Danielle Chavrimootoo is a Senior Lecturer in the College’s School of Teaching and she is Year 1 Leader for the BA Education Studies degree.
“The degree I work on is for people who are interested in working in education, but who for various reasons are not ready or able to study for a teaching qualification,” Danielle says.
She explains that the students are nearly all ‘non traditional learners’. “We have individual students who come from very disadvantaged backgrounds and face many challenges in their personal lives. Some are carers of children or relatives, possibly on their own. Many are mature students, and most have been out of the education system for some time. Many have issues of confidence, and some need to develop their literacy and communication skills in order to do well on the course.”
Every potential student is interviewed before being offered a place. “There is a tension between being flexible – making it possible for someone who is keen to study to come and join us – and ensuring they are able to cope with the course,” Danielle says. “This is a group of students who have a lot to offer, and we want to be inclusive but also make sure people succeed.” Danielle’s work is therefore part of the College’s commitment to widening participation and guiding students who want to progress but are uncertain about their options.
Across the UK, year 1 in higher education is a vulnerable year when students may drop out. Danielle’s task is to help each cohort of students on her course through the first twelve months. “We have modules that help develop personal, academic and communication skills,” Danielle explains. “We provide a lot of one to one support and encourage groupwork. I monitor attendance and talk to students as soon as there is an issue. We make sure students are aware of all the support that is on offer across the College.”
Danielle has set up a student ambassador scheme, where Year 2 students on the Education Studies Degree offer support to those entering Year 1, and she is always on the look out for possible mentors and inspiring speakers from the cultural backgrounds represented on the course.
To explore the issues and come up with more solutions, Danielle recently applied to the College’s internal grants scheme to carry out quantitative and qualitative research into barriers to attainment among South Asian women learners on the Education Studies Degree. “I’m looking for practical outcomes,” Danielle says. “I want the research to make a difference and to ensure the voice of our learners is heard.” She’ll be reporting on the research later this year.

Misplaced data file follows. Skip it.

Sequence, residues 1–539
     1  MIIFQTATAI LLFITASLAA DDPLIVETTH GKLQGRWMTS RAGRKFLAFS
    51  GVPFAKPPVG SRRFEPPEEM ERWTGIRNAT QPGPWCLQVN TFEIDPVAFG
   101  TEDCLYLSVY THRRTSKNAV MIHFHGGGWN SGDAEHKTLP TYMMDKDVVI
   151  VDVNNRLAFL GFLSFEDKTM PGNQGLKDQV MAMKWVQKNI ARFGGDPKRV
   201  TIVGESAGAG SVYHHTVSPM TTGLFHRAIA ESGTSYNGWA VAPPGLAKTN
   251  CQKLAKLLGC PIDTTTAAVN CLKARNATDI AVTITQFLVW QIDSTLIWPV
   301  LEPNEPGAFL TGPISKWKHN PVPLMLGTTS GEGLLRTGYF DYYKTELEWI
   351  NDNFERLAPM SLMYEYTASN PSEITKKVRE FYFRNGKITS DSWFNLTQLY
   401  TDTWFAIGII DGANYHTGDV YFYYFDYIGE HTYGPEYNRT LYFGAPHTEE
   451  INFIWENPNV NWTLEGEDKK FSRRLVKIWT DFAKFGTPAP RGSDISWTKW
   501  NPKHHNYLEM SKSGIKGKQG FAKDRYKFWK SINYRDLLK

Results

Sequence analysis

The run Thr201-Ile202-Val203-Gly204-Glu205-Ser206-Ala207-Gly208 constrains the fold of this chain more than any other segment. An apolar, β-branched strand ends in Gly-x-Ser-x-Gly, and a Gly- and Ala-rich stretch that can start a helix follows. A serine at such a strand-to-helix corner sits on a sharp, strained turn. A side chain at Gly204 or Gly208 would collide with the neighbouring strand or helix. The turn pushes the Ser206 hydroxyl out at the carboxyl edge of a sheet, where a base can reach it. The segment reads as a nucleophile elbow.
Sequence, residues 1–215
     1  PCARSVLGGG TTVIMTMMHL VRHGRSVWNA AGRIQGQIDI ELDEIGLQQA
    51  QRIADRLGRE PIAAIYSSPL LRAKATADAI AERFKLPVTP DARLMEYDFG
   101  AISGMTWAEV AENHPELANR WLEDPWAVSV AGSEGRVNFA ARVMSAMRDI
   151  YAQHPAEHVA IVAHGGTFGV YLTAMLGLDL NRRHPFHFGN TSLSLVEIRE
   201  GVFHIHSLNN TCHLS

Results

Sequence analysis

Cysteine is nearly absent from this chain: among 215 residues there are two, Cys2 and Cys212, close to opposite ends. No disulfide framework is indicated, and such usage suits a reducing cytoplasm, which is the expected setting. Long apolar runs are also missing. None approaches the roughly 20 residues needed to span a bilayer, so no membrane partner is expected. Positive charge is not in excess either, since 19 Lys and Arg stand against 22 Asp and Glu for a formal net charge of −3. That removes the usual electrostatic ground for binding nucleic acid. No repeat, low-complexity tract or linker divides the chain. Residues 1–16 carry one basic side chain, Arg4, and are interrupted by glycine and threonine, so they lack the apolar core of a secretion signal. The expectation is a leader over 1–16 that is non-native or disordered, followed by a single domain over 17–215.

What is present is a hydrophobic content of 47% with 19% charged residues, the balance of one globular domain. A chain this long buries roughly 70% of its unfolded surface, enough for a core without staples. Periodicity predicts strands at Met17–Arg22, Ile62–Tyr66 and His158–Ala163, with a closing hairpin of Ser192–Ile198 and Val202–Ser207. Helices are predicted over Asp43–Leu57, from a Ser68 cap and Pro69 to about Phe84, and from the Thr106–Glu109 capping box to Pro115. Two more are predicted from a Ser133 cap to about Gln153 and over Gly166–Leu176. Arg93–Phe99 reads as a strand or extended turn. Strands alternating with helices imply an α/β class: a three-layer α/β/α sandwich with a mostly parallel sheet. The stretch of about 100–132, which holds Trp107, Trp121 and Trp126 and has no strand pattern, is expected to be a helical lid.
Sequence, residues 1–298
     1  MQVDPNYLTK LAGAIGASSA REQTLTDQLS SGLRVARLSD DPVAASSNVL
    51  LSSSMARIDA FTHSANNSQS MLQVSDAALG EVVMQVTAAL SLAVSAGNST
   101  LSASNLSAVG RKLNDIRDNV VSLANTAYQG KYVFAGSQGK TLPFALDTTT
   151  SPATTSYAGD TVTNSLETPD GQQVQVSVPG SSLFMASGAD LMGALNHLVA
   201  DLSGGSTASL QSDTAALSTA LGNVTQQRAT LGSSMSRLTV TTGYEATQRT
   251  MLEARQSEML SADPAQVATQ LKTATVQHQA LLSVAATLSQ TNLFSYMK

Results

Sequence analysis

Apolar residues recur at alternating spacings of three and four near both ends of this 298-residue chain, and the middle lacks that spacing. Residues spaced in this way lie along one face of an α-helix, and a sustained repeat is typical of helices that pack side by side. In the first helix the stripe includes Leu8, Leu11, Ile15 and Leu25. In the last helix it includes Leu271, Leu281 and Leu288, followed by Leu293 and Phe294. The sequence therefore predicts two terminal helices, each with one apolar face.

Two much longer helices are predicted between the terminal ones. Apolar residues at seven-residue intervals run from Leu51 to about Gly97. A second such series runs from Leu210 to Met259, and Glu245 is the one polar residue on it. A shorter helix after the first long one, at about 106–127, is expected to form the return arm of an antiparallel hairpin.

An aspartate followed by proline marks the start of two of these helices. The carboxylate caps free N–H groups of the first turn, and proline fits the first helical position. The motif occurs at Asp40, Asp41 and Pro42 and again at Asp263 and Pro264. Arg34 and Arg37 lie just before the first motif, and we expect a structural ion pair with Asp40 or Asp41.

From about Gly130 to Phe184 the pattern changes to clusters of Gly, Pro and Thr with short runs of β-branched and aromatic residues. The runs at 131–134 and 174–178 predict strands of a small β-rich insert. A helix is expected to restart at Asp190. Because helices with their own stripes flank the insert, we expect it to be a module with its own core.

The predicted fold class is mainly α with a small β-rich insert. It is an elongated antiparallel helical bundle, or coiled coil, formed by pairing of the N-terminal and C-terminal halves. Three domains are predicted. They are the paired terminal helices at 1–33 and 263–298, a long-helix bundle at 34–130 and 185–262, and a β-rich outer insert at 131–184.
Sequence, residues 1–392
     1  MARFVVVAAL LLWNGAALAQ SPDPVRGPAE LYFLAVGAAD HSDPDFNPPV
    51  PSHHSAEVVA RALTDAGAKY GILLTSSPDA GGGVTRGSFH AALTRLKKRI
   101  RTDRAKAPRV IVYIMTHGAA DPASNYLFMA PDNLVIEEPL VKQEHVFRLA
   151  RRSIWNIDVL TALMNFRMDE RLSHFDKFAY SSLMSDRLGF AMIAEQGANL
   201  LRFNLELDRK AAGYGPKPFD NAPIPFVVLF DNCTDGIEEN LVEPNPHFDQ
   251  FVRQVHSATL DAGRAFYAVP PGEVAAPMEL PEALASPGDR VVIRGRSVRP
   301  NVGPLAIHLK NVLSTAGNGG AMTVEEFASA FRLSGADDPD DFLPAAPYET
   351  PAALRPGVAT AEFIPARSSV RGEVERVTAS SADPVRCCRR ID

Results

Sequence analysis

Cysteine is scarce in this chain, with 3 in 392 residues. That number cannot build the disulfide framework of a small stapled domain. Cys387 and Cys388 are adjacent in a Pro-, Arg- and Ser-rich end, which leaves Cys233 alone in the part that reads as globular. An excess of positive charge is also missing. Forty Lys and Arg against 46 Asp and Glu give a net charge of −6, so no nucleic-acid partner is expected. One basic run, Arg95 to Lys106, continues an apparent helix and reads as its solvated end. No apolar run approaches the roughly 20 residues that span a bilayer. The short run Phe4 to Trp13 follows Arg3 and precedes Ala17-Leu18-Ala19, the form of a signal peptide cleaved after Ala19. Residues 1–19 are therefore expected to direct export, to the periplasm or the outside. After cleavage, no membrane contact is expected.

Danielle herself went straight from school into the world of work: finance and then human resources. However, a severe illness, during which she nearly died, led her to change direction. “I wanted to do something that was socially responsible, and I wanted something which was more rewarding.” Danielle did a degree in Applied Social Studies and then a PGCE. “I sort of fell into teaching,” she says. “I taught for a five years at Leeds City College. Then I came here to join the academic staff in the School of Teaching.”
When she went to university, Danielle also began volunteering with asylum seekers and refugees at St Augustine’s Centre in Halifax. Last summer Bradford College allowed her to spend several Wednesdays at St Augustine’s to help set up a careers drop in for refugees, with Calderdale and Kirklees Careers service – a drop in which is still going strong.
“I meet refugees in Halifax, who remember me, who say ‘you helped give me confidence’,” Danielle reflects. “It’s an amazing feeling when that happens.
“It’s the same here at College. You want to help people to do their best, but when you hear students’ stories you realise its not surprising some people don’t flourish in education – they have so many challenges to face and some are trapped in cycle of oppression. One of my students shed tears of joy last week. Despite all the barriers she has faced, she is on target to obtain a first class honours and has won a prestigious competitive scholarship to do a Masters at a university in the East of England.“
Danielle has a religious faith which provides the basis for her ethical values and her commitment to helping disadvantaged people and communities. “You’ve got to be passionate,” she says. “What you believe in matters. It’s not been easy for me, not everything was given to me on a plate. But if people are given opportunities and the right help, and they have the determination to work hard then they can progress.”
Danielle is a member of the College’s Equality and Diversity Committee.